Netanyahu and Lieberman court olim at Ashdod meet
Prime Minister Benjamin Netanyahu and Foreign Minister Avigdor Lieberman attended the third Ashdod Conference for Aliyah & Klita (immigration and absorption) yesterday, and Netanyahu praised Israel's new immigrants in his speech: "Millions of olim have saved the country and strengthened it in every way. They are an integral of our fabric of life and are an enormous strength."
Netanyahu emphasized the economic situation in his speech, saying a strong economy is what brought many new immigrants to Israel. "Israel is very strong and will become even stronger with a prosperous economy," he said. Netanyahu added that there at least another million Jews in Russia and hundreds of thousands more in Latin America and Europe who will come to Israel. The prime minister said his vision is that the state will continue to absorb immigrants from all over the world.
He spoke of how during Operation Cast Lead in Gaza, he visited wounded soldiers and found large numbers of new immigrants among them. "They surprised me when they said 'we want to return to our units.'" Netanyahu said that when he was their age, and a young soldier, he remembered listening to the radio while on guard duty and hearing about the great awakening of Jewish youth in the Soviet Union after the Six-Day War.
Lieberman criticized the lack of MKs at the conference. He also called for a change in thew laws on conversion to Judaism, which he said had left thousands of Israelis in limbo.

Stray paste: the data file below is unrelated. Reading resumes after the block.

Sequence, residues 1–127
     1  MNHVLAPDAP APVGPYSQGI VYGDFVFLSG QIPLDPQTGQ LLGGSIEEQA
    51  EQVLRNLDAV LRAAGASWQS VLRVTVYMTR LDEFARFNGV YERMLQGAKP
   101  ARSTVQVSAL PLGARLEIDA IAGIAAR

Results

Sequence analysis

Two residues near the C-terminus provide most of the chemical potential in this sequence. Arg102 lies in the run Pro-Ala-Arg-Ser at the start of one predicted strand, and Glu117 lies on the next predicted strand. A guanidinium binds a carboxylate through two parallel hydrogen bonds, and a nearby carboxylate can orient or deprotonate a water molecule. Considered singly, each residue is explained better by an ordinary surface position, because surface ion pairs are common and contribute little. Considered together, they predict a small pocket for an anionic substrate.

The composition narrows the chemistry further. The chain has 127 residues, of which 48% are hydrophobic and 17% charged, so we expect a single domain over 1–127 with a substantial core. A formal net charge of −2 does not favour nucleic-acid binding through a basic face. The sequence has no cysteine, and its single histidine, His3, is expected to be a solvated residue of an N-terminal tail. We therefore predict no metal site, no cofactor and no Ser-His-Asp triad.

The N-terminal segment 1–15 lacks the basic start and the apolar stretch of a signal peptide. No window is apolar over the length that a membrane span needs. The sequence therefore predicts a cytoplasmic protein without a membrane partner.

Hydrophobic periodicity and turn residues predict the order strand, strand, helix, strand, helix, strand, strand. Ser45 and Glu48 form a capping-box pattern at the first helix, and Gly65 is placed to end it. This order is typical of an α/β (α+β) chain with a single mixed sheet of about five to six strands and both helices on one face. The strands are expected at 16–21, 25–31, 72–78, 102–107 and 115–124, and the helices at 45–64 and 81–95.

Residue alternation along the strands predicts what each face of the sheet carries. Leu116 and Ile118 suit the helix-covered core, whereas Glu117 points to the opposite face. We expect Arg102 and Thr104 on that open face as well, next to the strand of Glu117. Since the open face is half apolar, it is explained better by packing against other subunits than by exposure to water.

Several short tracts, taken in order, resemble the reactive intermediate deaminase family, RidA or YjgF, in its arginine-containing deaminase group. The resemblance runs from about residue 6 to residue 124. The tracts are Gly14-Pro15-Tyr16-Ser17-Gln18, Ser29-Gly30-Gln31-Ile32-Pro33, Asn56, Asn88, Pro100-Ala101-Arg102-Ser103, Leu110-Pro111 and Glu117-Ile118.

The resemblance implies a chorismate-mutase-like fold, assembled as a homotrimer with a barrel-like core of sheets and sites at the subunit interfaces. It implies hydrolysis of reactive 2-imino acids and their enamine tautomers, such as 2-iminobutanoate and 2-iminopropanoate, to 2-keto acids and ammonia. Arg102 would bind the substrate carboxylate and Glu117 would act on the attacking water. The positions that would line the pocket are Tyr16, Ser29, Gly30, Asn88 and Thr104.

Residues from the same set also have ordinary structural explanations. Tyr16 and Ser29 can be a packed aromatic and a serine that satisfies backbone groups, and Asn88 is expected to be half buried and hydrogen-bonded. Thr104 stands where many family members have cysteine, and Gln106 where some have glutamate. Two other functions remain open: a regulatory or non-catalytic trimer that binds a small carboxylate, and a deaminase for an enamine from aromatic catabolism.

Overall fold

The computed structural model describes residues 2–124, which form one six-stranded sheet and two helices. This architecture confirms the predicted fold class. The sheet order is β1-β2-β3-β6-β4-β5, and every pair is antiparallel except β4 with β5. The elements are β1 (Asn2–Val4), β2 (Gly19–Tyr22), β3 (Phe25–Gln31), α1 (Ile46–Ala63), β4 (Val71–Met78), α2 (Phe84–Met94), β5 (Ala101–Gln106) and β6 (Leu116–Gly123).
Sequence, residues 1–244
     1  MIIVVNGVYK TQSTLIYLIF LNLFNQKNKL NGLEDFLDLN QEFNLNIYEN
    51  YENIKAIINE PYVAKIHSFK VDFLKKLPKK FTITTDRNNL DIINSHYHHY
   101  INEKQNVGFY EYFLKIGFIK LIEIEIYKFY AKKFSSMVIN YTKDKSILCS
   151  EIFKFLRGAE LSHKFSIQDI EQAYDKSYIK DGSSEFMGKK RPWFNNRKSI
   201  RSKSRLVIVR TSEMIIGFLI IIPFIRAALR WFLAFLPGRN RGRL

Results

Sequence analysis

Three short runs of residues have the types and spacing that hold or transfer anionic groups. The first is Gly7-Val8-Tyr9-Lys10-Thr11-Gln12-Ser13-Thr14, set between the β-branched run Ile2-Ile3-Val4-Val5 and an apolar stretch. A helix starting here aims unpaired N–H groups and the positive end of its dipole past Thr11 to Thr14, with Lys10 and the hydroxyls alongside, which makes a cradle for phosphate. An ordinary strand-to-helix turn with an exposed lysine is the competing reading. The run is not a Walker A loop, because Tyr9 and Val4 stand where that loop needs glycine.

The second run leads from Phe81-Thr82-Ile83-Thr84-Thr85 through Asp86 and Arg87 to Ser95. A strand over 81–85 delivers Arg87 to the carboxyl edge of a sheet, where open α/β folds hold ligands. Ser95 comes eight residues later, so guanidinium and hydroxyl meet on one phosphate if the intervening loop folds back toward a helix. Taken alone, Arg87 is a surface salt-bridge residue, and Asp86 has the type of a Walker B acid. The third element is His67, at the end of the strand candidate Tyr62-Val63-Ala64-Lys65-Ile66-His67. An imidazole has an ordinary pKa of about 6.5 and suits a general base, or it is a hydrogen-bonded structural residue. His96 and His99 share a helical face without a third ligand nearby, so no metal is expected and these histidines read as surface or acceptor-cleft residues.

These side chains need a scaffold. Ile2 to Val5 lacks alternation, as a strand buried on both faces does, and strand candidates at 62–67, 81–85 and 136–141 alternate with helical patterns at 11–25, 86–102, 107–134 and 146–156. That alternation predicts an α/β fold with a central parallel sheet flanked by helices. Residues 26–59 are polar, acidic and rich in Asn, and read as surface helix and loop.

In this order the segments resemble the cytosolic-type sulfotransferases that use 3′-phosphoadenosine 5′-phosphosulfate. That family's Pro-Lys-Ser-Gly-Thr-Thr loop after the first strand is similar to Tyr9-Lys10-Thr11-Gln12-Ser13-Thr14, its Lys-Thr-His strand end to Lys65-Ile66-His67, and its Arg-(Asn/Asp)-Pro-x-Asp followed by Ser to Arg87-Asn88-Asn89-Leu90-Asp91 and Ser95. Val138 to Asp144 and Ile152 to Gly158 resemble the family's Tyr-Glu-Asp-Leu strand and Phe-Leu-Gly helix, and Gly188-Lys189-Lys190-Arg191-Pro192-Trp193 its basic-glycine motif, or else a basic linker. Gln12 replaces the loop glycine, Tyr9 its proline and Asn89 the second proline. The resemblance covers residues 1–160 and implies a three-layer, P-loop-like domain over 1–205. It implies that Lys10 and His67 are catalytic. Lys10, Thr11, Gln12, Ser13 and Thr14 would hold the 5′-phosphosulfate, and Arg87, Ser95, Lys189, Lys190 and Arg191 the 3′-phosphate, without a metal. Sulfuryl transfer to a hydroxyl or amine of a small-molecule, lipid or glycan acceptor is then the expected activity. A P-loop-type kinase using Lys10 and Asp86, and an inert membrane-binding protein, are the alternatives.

Speaking at the conference, Lieberman, who leads the hard-line Yisrael Beiteinu party, urged the state to allow chief rabbis in all Israeli cities to perform conversions. "It is unacceptable that more than 200,000 immigrants are carrying identity cards that give their status as 'no religion'," Lieberman said.
The number of immigrants entering conversion programs has plummeted following a controversial ruling in 2008 by the Rabbinical Court of Appeals, which at a stroke invalidated all conversions performed by the state-run Conversion Administration.
Yisrael Beiteinu, which enjoys strong support from the country's large population of immigrants from the former Soviet Union - around a quarter of a million of whom are classified as non-Jews or having no religion - now hopes to roll back the changes and ease the process.
"Every town's chief rabbi must have the authority to perform conversions himself," Lieberman told the conference. "In a generation's time there will be no Jews left in the world outside Orthodox Judaism, because of assimilation," he said.
This is not the first time that Lieberman, himself a Russian immigrant, has raised the issue of conversion. An attempt two years ago by Yisrael Beiteinu to restore powers to municipal rabbis ran into opposition from religious parties in the government coalition and the rabbinical courts.
Lieberman said his party was not against Judaism, and that without religion and tradition there is no way for the state to exist and any attempt to separate the state and religion would lead to a civil war.